In a recent post on nutrition for collegiate athletes we discussed some of the benefits to cleaning up your diet (most notably, performance!), as well as showed some not-so-hot statistics and research that revealed collegiate athletes don’t eat nearly as well as they should.
We’ve been told the importance of breakfast over and over, to ad nauseum, to the point that when we hear it now it tends to go in one ear, out the other.
But when you kick off your day with a high performance meal the rest of your day, your practices, and the way you compete, are all impacted positively. Heck, even your grades will get better.
Here is why you should be paying attention to what you are eating in the morning.
Skipping Breakfast Leads to Binge Eating Later in the Day
The demands of training are high, especially with you athletes who have to train early in the mornings.
One of the more rueful aspects of my competitive swimming days were the early morning practices. Getting up at an hour before the crack of dawn, sometimes as early as 4:30am, to schlep my way down to the local pool to swim for a two hour swim workout, and then go to school all day and then swim for another two hours, wasn’t exactly my idea of good times.
The duration of the day and the early morning wake-up call aside, I found that getting up super early in the morning meant that I very often ended up skipping eating. When it comes to getting another 15 minutes of sleeping or making breakfast the choice was always easy when your body and brain were screaming out for those warm, cuddly sheets.
Skipping breakfast, however, means that you end up power eating massive meals later in the day in order to compensate for the calorie deficit that you start the day off with.
“Many athletes, especially college students tend to skip breakfast and load up on calories at the end of the day,” says Tara Collingwood, MS, RDN, sports nutritionist at the University of Central Florida. She also serves as team dietitian for the professional basketball team, the Orlando Magic. Her recommendation for loading up in the AM is a mix of complex carbs, protein, and some fruit.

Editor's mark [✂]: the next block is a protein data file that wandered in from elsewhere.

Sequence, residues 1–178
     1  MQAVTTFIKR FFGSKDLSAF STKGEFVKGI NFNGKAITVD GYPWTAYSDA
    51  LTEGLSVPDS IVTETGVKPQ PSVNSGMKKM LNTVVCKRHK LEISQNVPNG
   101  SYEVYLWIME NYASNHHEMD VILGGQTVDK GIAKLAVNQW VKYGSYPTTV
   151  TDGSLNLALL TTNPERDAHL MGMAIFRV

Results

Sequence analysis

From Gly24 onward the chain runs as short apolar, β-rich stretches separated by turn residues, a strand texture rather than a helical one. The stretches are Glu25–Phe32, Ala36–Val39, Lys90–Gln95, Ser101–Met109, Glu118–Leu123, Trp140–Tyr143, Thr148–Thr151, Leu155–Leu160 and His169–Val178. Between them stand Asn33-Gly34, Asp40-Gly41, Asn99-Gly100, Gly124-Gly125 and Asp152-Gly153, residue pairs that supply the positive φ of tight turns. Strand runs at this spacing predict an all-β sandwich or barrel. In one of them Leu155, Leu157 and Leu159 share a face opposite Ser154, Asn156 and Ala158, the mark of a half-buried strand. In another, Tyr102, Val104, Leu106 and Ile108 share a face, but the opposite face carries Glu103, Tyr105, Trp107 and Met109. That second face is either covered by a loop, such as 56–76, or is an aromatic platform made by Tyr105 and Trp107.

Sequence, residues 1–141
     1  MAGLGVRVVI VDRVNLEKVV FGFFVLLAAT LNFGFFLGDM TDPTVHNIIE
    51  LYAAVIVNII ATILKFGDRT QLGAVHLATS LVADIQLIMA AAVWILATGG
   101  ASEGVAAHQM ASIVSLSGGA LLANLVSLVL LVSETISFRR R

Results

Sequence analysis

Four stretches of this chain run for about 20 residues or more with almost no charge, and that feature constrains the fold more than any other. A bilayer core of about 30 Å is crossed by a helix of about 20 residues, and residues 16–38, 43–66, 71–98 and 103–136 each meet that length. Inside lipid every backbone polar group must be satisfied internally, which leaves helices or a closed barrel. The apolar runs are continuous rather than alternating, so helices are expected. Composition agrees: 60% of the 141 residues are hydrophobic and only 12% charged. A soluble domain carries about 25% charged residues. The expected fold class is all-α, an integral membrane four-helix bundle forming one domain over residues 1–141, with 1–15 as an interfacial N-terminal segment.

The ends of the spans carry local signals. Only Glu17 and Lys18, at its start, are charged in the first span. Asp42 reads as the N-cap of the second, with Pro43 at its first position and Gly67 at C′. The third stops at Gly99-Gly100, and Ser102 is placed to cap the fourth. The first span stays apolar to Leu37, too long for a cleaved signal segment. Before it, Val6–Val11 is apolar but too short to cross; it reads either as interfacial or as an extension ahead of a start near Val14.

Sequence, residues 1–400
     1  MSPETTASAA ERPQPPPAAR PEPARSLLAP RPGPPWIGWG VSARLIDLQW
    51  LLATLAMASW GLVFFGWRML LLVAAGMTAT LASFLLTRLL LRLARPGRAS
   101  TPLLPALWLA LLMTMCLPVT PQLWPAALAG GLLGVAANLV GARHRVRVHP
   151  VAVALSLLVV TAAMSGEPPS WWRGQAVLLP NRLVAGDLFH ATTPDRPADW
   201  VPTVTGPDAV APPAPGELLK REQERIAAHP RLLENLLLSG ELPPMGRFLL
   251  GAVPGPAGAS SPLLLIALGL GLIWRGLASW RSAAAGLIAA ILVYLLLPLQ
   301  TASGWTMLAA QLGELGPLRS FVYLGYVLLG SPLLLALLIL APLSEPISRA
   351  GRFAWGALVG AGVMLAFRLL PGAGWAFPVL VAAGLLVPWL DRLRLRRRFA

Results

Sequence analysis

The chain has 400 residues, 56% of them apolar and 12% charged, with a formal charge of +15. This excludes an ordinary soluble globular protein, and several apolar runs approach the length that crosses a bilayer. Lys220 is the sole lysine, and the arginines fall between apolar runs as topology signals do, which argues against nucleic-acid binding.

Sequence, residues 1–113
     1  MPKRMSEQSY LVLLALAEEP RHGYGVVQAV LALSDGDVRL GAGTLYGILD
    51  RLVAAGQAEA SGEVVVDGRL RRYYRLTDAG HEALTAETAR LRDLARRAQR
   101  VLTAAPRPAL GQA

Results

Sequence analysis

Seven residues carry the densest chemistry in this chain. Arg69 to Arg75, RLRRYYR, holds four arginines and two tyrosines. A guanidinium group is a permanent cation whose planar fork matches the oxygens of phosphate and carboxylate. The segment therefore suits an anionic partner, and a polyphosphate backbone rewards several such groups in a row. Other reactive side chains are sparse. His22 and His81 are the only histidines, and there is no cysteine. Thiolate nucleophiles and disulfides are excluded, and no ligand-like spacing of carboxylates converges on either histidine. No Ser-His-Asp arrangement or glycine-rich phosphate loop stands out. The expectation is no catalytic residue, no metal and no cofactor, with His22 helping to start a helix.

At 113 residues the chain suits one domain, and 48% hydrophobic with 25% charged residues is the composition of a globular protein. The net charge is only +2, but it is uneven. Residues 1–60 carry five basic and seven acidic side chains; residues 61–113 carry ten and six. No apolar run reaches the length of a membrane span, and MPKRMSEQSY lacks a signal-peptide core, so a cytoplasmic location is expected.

Eating more in the front half of your day will also insure that you are training and competing at your best.
“Fuel early, and fuel often,” notes Auburn Weisensale, RD, LDN, and athletics nutritionist at the University of Pittsburgh. “I find that many athletes who don’t eat enough early in the day find themselves very hungry in the evening and night time.”
The problem compounds itself when you consider that by the end of the day our willpower is nearly non-existent from a combination of decision fatigue and general exhaustion from crushing our training routine.
At this point making poor food choices becomes particularly easy, especially if we short-changed ourselves on meals during the beginning of the day.
Skipping Breakfast Screws with Your Grades
Want an easy way to improve your grades this semester? Eat breakfast. Seriously.
Research has shown that academic performance was strongly linked to whether or not college students were eating breakfast. Which makes sense, as skipping breakfast ends up increasing time to exhaustion, increases rate of perceived effort, and even makes it more difficult to concentrate. (I heard that last thing is kinda helpful for university classes.)
Jill Joseph, MS, RD, LDN and sports dietitian at the University of Pennsylvania, notes that you don’t need to put together a massive breakfast to insure that you are getting the performance and academic benefits of the meal. Quick, easy-to-make meals like overnight oats, yogurt parfait, or scrambled egg muffins can serve as a foundation for your practices and classes ahead.
“Breakfast gets the metabolism revved up, primes the muscles, and feeds the brain, resulting in a high level of performance through the day,” says Joseph.